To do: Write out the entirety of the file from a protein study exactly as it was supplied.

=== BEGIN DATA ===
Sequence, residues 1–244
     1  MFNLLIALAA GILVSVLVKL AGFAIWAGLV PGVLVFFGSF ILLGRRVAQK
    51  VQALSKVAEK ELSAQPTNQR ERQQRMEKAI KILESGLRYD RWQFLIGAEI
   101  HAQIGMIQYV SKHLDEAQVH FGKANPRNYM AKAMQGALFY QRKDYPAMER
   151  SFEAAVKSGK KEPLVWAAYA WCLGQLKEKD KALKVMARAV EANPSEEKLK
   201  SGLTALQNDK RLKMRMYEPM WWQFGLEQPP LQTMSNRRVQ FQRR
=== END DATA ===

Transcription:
Sequence, residues 1–244
     1  MFNLLIALAA GILVSVLVKL AGFAIWAGLV PGVLVFFGSF ILLGRRVAQK
    51  VQALSKVAEK ELSAQPTNQR ERQQRMEKAI KILESGLRYD RWQFLIGAEI
   101  HAQIGMIQYV SKHLDEAQVH FGKANPRNYM AKAMQGALFY QRKDYPAMER
   151  SFEAAVKSGK KEPLVWAAYA WCLGQLKEKD KALKVMARAV EANPSEEKLK
   201  SGLTALQNDK RLKMRMYEPM WWQFGLEQPP LQTMSNRRVQ FQRR